Platforms: PC | PS3 | Xbox 360 (version tested)
Developer: Saber Interactive
Publisher: Namco Bandai
The fact that an achievement has popped up saying "Dudebro!" is warning enough, but Inversion sets out its bromantic stall fairly on. Davis Russell and his trigger happy crime-fighting partner Leo don't quite go so far as playing air guitars or chest-bumping like Salem and Rios in Army of Two, but at least the latter game knew it was big, dumb, frat fun.
Inversion's biggest test of all might come in the form of just how seriously it ends up taking itself.
The story, of course, pulls all of the emotional strings you'd expect a Gears of War clone to pull. Good cop Davis has a wife and daughter, much to the macho mirth of Leo, but when a slavering mob of dimension-jumping fiends known as the Lutadore invade Earth and start enslaving everyone, his wife bites the bullet and his daughter has vanished. With his city in ruins, interred into a labour camp by his alien oppressors, there's only one thing Davis has left to fight for - the chance that his daughter might still be alive.
Beyond that, it's difficult to describe Davis as anything more than your run-of-the-mill, nondescript, macho thirtysomething, with brown hair, and some grizzled stubble, though having not seen the story fully unfold, there are still room for surprises.
Inversion's big hook, of course, is its Gravlink, the Lutadore device that Davis and Leo manage to pilfer on their way out of the prison camp. When set to blue, you can fire it at objects and enemies to fling them into the air, with an added bonus being that floating debris can be used, much like in Half-Life 2, as projectiles to throw at your foes. When the Gravlink is switched to its red setting, you can crush enemies to the ground, rendering them incapacitated for a moment, and unable to move.
Happily, Leo's AI is incredibly Gravlink-friendly, and he'll spam the gadget at every opportunity in helpful fashion, giving you a wide array of things to fling at oncoming enemies. He's a great combat asset and, best of all, doesn't get in your way a huge amount. But the game is also fully co-operative, and it was with a fellow journalist that I spent the bulk of the few hours I had with the game. It's probably for the best that you can't use the Gravlink on your companion, though that didn't stop us trying it every so often.
The Lutadore have bigger force-manipulators too, that allow them to change plains of attack, tear up entire streets, and blast buildings and structures with pockets of zero gravity. Practically, this means a number of things - first of all, enemies can approach from the walls and the ceiling, so a greater awareness than you might find in other third-person shooters is certainly required. Secondly, there'll be parts of levels performed in low-gravity, with one chapter having Davis and Leo gliding across a blitzed library, hopping languidly from one floating bookcase to the next, using fragments of concrete for cover in mid-air, and fending off similarly airborne aggressors.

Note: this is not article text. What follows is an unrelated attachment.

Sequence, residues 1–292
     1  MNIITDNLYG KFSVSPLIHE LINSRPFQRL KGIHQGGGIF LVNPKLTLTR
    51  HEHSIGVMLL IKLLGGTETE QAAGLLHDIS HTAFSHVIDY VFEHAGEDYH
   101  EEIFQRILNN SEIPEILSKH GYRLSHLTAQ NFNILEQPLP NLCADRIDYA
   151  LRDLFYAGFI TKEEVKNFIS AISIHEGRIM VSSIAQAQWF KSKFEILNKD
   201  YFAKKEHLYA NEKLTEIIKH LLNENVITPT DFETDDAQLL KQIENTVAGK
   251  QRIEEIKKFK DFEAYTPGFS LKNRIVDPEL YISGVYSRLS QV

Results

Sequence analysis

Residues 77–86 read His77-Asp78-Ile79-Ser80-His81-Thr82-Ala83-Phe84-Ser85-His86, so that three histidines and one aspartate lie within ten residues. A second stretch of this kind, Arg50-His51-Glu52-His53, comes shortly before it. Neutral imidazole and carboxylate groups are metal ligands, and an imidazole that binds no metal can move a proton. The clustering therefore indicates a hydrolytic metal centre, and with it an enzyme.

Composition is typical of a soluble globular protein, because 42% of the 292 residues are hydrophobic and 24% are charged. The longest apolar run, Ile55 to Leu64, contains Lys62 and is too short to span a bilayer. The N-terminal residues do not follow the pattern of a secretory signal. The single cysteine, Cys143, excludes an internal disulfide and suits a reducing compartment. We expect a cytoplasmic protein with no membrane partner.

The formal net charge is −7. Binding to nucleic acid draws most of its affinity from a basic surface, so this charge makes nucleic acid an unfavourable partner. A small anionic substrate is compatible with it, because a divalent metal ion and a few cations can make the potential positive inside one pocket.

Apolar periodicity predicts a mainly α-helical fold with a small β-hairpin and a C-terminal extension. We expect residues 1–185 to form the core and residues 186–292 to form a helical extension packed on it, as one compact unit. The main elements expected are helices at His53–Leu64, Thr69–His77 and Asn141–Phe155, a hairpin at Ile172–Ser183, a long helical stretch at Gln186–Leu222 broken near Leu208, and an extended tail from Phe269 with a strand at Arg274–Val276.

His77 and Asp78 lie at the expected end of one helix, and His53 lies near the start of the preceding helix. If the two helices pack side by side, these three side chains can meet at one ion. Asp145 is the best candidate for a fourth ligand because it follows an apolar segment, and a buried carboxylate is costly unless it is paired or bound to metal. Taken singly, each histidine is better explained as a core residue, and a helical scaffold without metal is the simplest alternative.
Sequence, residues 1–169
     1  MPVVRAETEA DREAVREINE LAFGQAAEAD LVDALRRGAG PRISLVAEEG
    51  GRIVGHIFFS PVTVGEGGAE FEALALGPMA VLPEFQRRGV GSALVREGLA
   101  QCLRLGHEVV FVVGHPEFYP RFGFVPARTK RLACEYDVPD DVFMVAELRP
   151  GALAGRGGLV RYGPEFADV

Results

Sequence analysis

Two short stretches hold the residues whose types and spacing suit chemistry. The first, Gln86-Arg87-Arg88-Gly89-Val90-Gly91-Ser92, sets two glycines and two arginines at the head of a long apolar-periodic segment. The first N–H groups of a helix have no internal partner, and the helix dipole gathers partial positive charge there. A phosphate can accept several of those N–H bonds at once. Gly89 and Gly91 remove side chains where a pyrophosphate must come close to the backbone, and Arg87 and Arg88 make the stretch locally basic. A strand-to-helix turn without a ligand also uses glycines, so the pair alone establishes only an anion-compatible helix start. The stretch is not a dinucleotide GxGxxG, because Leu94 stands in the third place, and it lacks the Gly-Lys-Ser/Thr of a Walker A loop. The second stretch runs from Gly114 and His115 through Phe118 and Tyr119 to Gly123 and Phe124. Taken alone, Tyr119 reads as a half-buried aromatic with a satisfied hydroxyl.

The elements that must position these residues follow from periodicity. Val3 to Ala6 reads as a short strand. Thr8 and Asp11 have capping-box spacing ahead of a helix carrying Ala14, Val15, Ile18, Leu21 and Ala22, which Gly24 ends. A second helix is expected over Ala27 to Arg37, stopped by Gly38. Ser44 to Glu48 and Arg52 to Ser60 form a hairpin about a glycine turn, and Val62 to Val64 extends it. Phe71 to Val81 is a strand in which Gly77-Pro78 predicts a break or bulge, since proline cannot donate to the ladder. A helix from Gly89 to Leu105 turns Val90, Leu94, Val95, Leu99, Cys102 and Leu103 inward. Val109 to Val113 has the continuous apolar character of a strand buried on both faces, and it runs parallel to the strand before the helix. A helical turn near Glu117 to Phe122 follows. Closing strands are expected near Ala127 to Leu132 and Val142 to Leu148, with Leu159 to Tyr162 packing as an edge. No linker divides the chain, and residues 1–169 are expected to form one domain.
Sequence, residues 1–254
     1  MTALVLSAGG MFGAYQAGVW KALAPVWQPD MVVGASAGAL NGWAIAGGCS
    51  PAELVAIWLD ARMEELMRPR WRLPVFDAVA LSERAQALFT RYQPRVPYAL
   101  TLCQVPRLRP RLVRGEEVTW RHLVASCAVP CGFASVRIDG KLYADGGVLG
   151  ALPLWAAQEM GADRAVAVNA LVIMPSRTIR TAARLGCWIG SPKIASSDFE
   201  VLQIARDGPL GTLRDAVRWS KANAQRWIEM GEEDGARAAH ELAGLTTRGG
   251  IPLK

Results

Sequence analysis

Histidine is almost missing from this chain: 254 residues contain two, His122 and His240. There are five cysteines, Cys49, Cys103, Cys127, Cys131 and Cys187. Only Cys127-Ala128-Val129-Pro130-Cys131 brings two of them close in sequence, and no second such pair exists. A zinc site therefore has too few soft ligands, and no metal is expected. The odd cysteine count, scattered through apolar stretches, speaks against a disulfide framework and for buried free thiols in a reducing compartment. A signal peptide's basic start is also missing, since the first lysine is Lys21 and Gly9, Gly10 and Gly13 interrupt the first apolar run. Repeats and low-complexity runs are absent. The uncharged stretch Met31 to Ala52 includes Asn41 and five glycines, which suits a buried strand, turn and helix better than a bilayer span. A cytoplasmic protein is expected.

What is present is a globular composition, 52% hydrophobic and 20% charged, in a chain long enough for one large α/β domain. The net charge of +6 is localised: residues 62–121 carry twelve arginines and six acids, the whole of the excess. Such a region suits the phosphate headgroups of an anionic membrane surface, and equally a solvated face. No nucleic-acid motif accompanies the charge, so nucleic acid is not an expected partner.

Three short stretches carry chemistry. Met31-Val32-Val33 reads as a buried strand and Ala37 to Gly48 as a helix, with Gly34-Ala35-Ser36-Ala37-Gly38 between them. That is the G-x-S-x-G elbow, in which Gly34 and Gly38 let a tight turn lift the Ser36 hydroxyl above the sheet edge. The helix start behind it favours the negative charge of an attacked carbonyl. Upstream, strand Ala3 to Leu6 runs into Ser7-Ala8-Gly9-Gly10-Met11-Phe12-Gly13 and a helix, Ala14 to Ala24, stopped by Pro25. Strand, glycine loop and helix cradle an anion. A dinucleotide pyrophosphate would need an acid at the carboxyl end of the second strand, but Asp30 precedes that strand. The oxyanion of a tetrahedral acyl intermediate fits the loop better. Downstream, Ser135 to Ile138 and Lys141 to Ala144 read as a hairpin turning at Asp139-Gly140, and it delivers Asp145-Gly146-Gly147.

The early stages we played were engaging, but relatively unassuming - the weapons matched those you'd expect to find in any game of this ilk (pistols, assault rifles, sniper rifles, the odd rocket launcher). The Lutadore came in similarly familiar roles - fast and light, lumbering tanks, crafty snipers etc. But there were one or two boss battles that proved very welcome indeed, with one against a hovering bot of sorts, and the second coming against an enormous mech that had to be felled with gravity-flung explosive barrels, and then ripped apart at close range once you'd brought it to its knees. Sadly, although there's no limit to the number of times you can help resurrect your team-mate, he went and bought it somehow in a completely inaccessible area, so I had to finish the bastard off myself.
Inversion is an incredibly solid game, though, perhaps a little too much at times. In utilising the Gears template, it's gone a bit overboard with the weightiness of everything. There's a pleasant amount of feedback from the guns, but movement and aiming is horribly slow and sluggish. That aside, though, it's certainly not disagreeable at all, and the Gravlink powers at least provide some sort of hook.
However, although I'm loathe to make value judgements before I've played it through to the end, I can't help but feel like Inversion could end up being something of a wasted opportunity. Although the multiplayer hints at a greater array of weaponry - railguns, flamethrowers, Lutadore pulse rifles - it's the Gravlink itself that's perhaps a little worrying. Blasting foes with projectiles is more fiddly than Valve made it, and the two gravity powers get old pretty quickly. Moreover, and I acknowledge that having played Gravity Rush I might be criticising Inversion unfairly here, it's a shame you can't flip onto the walls or ceiling at will.
The regimented feel to everything extends to multiplayer, where the Gravlink powers merely amount to the ability to momentarily incapacitate a foe. The levels, whichever mode you're in, are too big to take advantage of the multiple plains of attack, and they've been designed with seemingly little thought on how to make what really is a central mechanic with HUGE POTENTIAL work to the greatest advantage.
The elevator pitch for Inversion is so great: Imagine a third-person cover shooter that sees you manipulating gravity, blasting enemies with increased force, or suspending them in mid-air; hurling debris and objects at your assailants, and backflipping onto the walls and ceiling for multiple angles of attack. That sounds great. So why do I feel so underwhelmed? I'm praying that when July rolls around all of my fears will be banished. Two and a half hours is not long enough to get a full feel for a game...maybe. I really do hope that I'm wrong, but I'm not sure that I will be.